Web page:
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Photo courtesy of Uponor.

Home water systems are about to get a lot smarter

Uponor and L.A.-based Belkin International partner to create an intelligent water system that protects from leak damage, among other uses

By Brian Martucci
06-08-2016

Uponor Corporation, a Finland-based water systems company with a major presence in Apple Valley, recently announced what it calls “the next wave of the smart home”: an “intelligent water solution that protects family homes and businesses from leak damage, enables mindful conservation, and enhances household water usage with automated and anticipatory controls.”

Uponor calls this new solution Phyn. It’s actually a joint venture between Uponor and Belkin International, a Los Angeles-based conglomerate best known for its Belkin-brand consumer electronics and Linksys wireless Internet equipment. It’ll be structured as a standalone entity that merges Uponor’s liquid expertise with Belkin’s impressive electronics and Internet of Things background — a corporate meeting of the minds, with upsides for both backers.

So what exactly does Phyn bring to the table? Data, and lots of it. Old-school water systems are built to measure consumption and, at least in municipal systems, charge for usage. But they don’t do much else with the data they collect.

Phyn crunches far more data than the systems it’s angling to replace. It uses the information it collects to detect and resolve leaks before they realize there’s anything afoot — and well before they receive that first eye-popping water bill. According to Phyn, some 14% of daily household water use is lost to leaks — real money leaking out of real wallets.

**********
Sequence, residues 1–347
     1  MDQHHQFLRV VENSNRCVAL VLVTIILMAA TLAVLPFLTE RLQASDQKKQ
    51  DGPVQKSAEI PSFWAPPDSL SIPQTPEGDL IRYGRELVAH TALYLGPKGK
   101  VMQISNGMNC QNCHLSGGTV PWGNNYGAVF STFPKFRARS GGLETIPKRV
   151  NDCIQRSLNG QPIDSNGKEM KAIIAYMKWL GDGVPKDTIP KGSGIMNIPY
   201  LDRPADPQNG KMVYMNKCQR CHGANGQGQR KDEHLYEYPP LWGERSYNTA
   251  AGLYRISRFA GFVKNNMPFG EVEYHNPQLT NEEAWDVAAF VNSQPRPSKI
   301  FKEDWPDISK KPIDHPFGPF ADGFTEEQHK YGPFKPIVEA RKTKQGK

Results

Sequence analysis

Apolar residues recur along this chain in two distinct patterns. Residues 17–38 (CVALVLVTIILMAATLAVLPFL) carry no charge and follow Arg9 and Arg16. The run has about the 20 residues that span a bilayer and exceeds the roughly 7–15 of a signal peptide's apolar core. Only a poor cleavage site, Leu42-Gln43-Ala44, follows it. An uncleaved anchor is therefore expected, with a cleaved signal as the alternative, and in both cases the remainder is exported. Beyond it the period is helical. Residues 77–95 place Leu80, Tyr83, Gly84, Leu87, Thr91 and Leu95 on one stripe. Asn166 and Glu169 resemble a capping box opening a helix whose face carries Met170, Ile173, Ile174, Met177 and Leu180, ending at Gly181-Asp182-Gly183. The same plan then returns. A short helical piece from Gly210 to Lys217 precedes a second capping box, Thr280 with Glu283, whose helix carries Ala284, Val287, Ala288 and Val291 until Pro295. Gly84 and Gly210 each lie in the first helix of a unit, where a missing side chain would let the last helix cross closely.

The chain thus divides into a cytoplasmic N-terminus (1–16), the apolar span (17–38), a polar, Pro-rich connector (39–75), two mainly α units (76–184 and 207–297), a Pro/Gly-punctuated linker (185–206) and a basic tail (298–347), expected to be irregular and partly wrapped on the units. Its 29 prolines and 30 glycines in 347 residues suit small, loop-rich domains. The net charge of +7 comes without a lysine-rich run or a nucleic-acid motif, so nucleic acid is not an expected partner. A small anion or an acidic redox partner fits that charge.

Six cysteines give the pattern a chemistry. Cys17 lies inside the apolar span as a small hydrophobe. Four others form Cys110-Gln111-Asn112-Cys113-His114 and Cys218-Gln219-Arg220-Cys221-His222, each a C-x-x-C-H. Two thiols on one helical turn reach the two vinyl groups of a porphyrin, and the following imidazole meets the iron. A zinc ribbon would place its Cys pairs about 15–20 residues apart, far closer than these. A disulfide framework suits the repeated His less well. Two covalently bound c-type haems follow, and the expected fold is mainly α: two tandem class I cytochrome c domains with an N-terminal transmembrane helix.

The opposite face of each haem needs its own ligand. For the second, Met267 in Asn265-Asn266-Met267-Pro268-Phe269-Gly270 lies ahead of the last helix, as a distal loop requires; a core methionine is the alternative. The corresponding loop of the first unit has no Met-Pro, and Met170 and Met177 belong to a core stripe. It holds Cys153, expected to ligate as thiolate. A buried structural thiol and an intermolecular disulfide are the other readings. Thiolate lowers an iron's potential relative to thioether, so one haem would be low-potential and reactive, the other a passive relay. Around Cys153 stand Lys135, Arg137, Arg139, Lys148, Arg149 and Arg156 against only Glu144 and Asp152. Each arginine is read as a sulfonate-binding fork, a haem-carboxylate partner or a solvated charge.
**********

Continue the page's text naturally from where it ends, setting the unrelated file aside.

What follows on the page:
Phyn’s proactive solution is clearly an environmental boon, particularly in arid and drought-prone regions. It’s also a major time- and money-saver for utilities, which devote substantial resources to investigating and fixing leaks (and broken infrastructure responsible for leaks). And it’s a great selling point for builders with the foresight to build Phyn’s solution into new-construction homes.

“Plumbing has essentially provided the same function for centuries,” says Bill Gray, president, Uponor North America. “We must find a better way to use our water more intelligently and with purpose.”

“Water is a precious and vital natural resource, but there has been a fundamental lack of technology dedicated to protecting and preserving it, especially for home users,” adds Chet Pipkin, Belkin’s founder and CEO.

For what it’s worth, Phyn is Uponor’s highest-tech project to date. The plumbing industry is fundamentally conservative, and while Uponor isn’t shy about embracing innovation, it’s had the luxury of playing in a pretty stable sandbox. But after California’s water crisis, Flint’s leaden shame, and Minnesota’s less dramatic rural water quality woes, something clearly needs to change.

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